Amazon solved YouTube's problem 2 years ago

by Paul William Tenny

amazon-mTurk.gifC|Net had a story up on Friday afternoon about a speech by Google CEO Eric Schmidt last year where Schmidt said they were close to flipping the switch on their pirated video filtration system and that it would make piracy a "moot point", at least for YouTube. As Greg Sandoval has pointed out, one year later YouTube hasn't changed a bit while that $1 billion dollar lawsuit filed by Viacom slowly creeps forward. Google knew exactly what it was getting into before it bought YouTube and there are innovative solutions to these problems out there, so I'm not feeling very sorry for these guys quite yet. Everyone has an idea, surely, but believe it or not there's one company out there that came up with a perfect solution two years ago --
The Amazon Mechanical Turk program is an online system setup to match up workers with employers that need jobs done that aren't well suited for computer automation. In the early days, Amazon itself was the most prevalent provider of "work units" through their A9 search platform. Several years ago long before Google ever thought it up, Amazon was sending hundreds of SUVs around the country with cameras mounted on top taking pictures of storefronts. As part of their experiment, a person who accepted a work unit was given a set of four of five images taken in sequence. Also given was the name of a business and its street address. The task was to pick the image that showed the business and move on to the next.

Each job would later be approved by Amazon staff for accuracy, since it was an experimental service, but each job accepted would pay a few cents if done correctly. Two or three cents per job meant you'd have to do them fast -- often with the assistance of a greasemonkey script to streamline the process -- but if you were bored, it was possible to make money doing this. I personally pulled about $370 before Amazon ran out of work to do. Another example of a task is transcribing podcasts. An eight minute clip might pay $3 if the quality is good enough.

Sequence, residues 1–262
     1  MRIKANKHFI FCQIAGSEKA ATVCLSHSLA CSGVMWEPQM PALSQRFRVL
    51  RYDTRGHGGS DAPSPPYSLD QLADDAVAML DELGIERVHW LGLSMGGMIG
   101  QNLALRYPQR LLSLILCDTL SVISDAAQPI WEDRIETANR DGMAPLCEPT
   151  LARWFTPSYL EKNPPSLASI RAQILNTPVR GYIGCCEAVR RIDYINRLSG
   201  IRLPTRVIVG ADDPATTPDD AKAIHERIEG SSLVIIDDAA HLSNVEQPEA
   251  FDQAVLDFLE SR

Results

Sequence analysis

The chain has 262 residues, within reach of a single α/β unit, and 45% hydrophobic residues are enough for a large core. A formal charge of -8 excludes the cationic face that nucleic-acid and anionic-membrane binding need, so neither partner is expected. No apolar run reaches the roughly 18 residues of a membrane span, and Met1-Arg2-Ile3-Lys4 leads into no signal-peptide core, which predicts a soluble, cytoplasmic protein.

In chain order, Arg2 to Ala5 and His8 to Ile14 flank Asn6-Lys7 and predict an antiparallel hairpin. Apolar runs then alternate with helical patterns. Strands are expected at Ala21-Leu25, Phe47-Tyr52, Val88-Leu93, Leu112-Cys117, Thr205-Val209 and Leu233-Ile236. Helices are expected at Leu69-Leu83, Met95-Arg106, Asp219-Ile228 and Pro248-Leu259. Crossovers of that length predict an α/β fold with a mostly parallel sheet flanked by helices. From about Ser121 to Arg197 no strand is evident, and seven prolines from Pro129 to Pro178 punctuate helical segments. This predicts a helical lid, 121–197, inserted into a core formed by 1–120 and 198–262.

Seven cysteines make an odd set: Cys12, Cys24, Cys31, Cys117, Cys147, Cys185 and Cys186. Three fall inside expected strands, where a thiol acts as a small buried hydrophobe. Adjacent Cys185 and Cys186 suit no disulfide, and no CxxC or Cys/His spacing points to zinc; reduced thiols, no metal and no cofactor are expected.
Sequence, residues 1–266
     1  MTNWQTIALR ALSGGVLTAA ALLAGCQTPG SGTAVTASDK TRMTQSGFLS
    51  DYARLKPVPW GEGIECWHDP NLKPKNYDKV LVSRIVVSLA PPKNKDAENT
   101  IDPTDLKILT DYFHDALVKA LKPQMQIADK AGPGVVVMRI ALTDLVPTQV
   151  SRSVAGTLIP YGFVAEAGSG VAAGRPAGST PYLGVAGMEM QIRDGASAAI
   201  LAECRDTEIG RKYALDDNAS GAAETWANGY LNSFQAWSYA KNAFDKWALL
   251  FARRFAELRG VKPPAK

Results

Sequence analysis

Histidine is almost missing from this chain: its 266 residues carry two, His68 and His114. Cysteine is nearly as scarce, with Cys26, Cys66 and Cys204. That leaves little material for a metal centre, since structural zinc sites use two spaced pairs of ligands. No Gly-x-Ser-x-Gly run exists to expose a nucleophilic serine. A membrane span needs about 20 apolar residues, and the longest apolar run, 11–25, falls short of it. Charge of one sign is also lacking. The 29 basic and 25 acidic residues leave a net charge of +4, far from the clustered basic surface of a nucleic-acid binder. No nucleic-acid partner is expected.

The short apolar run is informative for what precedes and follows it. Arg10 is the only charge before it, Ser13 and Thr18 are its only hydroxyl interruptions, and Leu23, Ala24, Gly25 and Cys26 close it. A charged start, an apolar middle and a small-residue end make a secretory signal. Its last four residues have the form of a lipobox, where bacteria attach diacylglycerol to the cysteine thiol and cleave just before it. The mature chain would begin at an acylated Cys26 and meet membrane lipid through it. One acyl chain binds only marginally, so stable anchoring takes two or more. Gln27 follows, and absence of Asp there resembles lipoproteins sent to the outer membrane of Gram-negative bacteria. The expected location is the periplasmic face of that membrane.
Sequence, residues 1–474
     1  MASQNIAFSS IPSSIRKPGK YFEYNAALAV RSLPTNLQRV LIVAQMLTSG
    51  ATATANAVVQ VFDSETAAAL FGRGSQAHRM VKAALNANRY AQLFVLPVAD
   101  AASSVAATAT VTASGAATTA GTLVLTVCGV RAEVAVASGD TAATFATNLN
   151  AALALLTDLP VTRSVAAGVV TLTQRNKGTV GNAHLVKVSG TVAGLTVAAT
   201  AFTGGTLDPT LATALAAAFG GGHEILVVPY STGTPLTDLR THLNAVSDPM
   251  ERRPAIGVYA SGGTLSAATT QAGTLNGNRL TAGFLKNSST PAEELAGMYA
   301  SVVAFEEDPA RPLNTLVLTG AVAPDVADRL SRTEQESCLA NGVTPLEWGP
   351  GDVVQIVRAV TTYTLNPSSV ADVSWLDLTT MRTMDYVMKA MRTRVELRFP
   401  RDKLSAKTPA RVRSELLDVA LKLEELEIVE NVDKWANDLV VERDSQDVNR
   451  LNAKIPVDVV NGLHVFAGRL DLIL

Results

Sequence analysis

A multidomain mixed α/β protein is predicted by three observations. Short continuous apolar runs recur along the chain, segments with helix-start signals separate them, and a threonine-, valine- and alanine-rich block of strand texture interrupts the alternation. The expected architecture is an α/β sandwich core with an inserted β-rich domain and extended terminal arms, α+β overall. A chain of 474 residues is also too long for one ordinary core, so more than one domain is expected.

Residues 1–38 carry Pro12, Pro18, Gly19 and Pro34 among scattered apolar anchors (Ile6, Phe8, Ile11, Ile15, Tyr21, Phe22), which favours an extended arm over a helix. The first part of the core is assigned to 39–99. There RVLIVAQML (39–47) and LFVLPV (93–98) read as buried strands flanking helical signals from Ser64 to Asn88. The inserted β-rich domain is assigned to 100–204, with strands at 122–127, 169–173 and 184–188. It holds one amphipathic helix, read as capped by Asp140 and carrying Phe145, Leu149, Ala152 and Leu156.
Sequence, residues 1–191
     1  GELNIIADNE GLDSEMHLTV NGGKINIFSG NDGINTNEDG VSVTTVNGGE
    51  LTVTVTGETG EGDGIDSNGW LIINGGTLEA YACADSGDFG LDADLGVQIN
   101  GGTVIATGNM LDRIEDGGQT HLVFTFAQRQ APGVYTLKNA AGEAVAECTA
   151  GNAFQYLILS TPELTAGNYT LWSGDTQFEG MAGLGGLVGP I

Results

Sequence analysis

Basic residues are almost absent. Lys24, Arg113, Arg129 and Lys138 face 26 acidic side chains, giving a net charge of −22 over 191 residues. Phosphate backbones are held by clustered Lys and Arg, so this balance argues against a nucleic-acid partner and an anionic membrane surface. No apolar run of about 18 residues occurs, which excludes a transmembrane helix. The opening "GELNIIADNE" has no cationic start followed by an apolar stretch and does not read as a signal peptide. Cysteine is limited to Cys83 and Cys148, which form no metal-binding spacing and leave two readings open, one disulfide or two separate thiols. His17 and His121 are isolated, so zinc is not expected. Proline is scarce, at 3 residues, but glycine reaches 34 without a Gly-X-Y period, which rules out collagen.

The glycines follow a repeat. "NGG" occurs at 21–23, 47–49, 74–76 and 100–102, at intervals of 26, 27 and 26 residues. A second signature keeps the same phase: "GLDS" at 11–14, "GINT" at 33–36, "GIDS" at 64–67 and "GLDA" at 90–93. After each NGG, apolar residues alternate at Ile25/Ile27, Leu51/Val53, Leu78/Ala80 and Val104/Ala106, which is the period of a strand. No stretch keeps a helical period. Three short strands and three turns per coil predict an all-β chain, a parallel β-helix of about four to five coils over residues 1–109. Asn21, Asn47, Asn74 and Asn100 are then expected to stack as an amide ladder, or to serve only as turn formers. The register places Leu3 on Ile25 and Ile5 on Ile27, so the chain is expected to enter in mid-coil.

The point here is simple; the reason Google's own video service didn't have a piracy problem was because Google reviewed every uploaded video and proactively rejected clips that users obviously didn't own. Probably the chief complaint against them was their regular rejection of copyrighted content that was clearly fair use. But still, the system did work, it just worked a little too well. Can you see where I'm going with this now? Two or more years ago Amazon developed a system that would allow Google to deploy a review team of unlimited size at slave-labor wages.

It may be true that 10 hours of footage is uploaded to YouTube every minute, and it may not, but even at that rate it is well within the capacity of the bored and broke to review that footage and get paid for their time. Amazon's system has ratings and qualifications built-in that would allow accurate and astute reviewers to be rewarded for vigilant yet fair reviews, while filtering out those looking to let pirated videos slide on through or simply to game the system for money. It's hard to believe that YouTube fans would rather see the entire show come crashing down than see the pirated content at least kept at bay, if not shut out entirely. If user honest cannot be taken at face value, the possibility of making money surely should swing the odds in favor of copyright owners.

Google surely has a creative pool deep enough to come up with solutions such as this, which makes you wonder why they'd rather drag their feet and lose a billion-dollar lawsuit rather than take Amazon's idea and run with it -- creating an entirely new economic system in the process. Perhaps Google likes and wants all that pirated content because they know YouTube's popularity would wane without it.

Says a lot about their intentions, with solutions such as this just an arms length away, they'd rather play the role of the corporate monolith and just fight the future instead of embracing and creating it.
in Streaming Video


Related posts:

Leave a comment

View more stories by visiting the archives.

Media Pundit categories